June 5, 2000, 10:05PM
Feds bust alleged smuggling scheme
Authorities say Thai women forced to work as prostitutes
By EDWARD HEGSTROM
Copyright 2000 Houston Chronicle
Federal authorities brought charges Monday against
seven people who allegedly smuggled Thai women into
Houston where they were forced to work locally as
The charges filed in U.S. district court came as the
result of a ground-breaking international sting
operation run by the Immigration and Naturalization
Service. Undercover INS officers traveled to Bangkok,
Thailand, and Santiago, Chile, to investigate the
ring, according to court papers.
Assistant U.S. Attorney Edward F. Gallagher III
described the investigation as "one of the most
significant of its kind ever done."
The indictment alleges that the Bangkok-based
operation included two elements. Chinese immigrants
paid a smuggling fee and were brought to the United
States and set free. Additionally, Thai women were
brought to Houston and forced to work as prostitutes
in local establishments known as "modeling studios."
The women were required to work until the cost of
their smuggling was paid off.
The charges come as national attention increasingly
focuses on the smuggling of women for prostitution.
Between 40,000 and 50,000 women and children are
trafficked into the United States every year,
according to a 1999 CIA report that labels the
phenomenon a "contemporary manifestation of slavery."
The report noted that Houston is an increasingly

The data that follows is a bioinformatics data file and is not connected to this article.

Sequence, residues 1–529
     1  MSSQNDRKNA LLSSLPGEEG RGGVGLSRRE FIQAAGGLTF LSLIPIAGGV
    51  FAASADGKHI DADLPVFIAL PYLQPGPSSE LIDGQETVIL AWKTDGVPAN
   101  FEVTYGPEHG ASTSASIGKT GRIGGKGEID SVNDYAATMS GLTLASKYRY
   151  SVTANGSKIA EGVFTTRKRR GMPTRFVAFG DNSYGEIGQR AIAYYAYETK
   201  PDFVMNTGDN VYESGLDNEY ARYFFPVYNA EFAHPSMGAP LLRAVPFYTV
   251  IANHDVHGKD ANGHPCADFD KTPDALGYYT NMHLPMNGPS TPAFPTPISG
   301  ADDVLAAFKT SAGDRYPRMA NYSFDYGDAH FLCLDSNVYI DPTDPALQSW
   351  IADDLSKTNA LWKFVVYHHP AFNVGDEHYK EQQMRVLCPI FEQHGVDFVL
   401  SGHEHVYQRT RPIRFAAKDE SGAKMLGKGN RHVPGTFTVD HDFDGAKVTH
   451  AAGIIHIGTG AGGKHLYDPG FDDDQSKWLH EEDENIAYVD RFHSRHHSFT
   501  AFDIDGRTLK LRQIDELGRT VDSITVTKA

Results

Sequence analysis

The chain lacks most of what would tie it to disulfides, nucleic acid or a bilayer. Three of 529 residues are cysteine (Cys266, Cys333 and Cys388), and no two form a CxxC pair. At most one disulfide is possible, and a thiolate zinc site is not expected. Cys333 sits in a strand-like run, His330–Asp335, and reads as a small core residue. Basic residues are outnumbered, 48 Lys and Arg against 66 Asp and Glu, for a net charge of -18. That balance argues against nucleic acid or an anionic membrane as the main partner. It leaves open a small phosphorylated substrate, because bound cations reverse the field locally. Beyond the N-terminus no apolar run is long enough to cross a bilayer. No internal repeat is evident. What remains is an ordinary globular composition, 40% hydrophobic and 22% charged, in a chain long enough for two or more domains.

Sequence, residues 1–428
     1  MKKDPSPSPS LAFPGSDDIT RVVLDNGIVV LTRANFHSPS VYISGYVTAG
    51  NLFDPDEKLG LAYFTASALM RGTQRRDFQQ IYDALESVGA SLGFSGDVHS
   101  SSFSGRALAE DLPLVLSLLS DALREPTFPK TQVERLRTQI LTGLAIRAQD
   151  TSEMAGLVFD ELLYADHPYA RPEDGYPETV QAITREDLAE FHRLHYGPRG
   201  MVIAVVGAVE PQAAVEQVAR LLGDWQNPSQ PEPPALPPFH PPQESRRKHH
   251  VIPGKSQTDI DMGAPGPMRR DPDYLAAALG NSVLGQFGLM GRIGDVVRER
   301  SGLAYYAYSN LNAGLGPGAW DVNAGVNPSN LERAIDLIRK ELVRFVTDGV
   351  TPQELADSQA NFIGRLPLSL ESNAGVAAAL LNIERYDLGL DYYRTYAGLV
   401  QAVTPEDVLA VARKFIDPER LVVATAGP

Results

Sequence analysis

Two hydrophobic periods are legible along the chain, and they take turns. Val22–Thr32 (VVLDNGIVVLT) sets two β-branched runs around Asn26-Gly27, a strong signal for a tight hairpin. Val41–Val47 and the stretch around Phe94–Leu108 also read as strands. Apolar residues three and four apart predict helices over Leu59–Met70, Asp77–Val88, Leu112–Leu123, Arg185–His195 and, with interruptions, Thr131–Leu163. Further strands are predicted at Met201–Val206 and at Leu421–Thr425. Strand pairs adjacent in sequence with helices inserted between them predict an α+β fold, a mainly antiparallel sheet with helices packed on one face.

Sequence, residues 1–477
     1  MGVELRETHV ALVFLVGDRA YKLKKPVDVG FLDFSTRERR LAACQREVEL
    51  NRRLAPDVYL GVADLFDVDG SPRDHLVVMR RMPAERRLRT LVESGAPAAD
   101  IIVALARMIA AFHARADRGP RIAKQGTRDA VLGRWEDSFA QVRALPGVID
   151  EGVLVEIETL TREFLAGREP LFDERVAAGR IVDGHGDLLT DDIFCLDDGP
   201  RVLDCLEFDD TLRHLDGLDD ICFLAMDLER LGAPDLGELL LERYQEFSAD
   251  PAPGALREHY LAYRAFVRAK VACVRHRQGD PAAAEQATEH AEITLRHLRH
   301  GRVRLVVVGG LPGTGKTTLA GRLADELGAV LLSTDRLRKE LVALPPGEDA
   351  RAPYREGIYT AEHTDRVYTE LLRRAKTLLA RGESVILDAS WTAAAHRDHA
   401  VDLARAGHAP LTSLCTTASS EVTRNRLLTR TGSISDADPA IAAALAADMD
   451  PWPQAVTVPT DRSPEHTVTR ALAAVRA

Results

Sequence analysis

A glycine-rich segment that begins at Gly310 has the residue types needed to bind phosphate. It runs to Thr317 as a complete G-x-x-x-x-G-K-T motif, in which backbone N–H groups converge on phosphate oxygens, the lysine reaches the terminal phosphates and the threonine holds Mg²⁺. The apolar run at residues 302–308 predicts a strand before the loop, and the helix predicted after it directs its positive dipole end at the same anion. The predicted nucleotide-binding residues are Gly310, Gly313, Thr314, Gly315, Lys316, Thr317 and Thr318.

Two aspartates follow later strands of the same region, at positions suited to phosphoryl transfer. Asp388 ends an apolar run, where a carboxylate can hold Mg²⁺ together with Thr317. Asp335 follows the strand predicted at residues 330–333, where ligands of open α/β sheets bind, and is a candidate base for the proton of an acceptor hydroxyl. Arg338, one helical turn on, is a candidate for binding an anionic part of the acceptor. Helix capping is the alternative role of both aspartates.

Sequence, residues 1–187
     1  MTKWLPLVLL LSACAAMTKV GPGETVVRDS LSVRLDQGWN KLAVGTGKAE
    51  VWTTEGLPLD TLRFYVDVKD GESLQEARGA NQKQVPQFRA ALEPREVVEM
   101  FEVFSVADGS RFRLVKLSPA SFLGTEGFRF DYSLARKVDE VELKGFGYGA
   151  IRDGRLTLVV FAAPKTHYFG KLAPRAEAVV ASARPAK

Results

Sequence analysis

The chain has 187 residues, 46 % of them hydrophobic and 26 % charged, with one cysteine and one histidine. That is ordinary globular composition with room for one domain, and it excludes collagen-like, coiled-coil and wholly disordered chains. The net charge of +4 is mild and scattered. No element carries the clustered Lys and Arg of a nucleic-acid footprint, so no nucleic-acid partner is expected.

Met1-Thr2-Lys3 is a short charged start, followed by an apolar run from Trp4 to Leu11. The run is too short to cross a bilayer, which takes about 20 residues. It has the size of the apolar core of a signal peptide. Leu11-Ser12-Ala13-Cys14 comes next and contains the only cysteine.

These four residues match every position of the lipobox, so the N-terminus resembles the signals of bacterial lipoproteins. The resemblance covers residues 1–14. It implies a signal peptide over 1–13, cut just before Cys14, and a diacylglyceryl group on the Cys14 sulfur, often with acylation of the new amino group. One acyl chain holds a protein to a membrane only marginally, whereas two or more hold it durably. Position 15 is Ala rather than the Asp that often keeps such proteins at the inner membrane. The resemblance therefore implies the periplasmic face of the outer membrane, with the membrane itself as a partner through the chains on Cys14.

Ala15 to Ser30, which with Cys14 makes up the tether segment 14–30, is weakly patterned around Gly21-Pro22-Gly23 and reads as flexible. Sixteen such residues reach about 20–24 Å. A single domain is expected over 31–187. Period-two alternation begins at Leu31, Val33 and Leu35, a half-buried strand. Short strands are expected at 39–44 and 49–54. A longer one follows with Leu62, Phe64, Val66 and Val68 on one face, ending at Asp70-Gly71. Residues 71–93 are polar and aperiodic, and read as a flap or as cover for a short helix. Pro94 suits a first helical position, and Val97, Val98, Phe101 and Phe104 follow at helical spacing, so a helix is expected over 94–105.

important point of entry for the women.
The CIA found that the women are often promised jobs
as waitresses or maids, only to arrive in the United
States to find that they are forced into prostitution.
They are confined to brothels where the entrance is
sometimes guarded and their passports are taken away.
The smuggling operations are typically small and
loosely organized, but they can bring in profits of
more than $1 million a year, according to the report.
"Most of the time, these women have no idea they are
being brought over for prostitution," said Jennifer
Stanger of the Los Angeles-based Coalition to Abolish Slavery and
Trafficking. "They get here and they are basically
The court papers name nine Asians who were allegedly
brought to the United States by the defendants.
However, one of the defendants in Bangkok told an
undercover INS agent that he was capable of bringing
as many as 100 Chinese immigrants a month into the
Three of those charged -- Phiet The Mai, 27, Sriwan
Sakyai, 28, and Hoc Phan, 43 -- live in Houston. A
fourth, Ratiporn Tantirojanakitkan, 30, is from Los
Angeles. Three others live in Bangkok and have not yet
Charges included conspiracy, encouraging unlawful
immigration, fraud and misuse of immigration
documents, transporting aliens and transporting for
The charges each carry maximum sentences varying
between five and 10 years.
The sting operation began on May 1, 1998, when an
undercover INS agent met with Mai to arrange a deal
whereby the agent would sell false immigration
documents, court papers said. The agent then sold Mai
several false immigration documents for $3,000 apiece.
The agent later met with Sakyai, who said she had paid
off her own smuggling fee to come to the United States
and was now supplying Thai prostitutes for modeling
studios in Houston.
In February, Sakyai agreed to introduce the agent to
her "Thai boss" in Bangkok.
At least some of the Thai women flew from Bangkok to
the United States. But the court papers do not
indicate how the Chinese migrants were brought into
Nor is there any indication as to whether the Thai
women knew they were brought to the United States to
work as prostitutes, or how much they were charged for
Gallagher refused to comment beyond the scope of the
court papers. An INS spokeswoman contacted late Monday
said she could not comment on the case until today.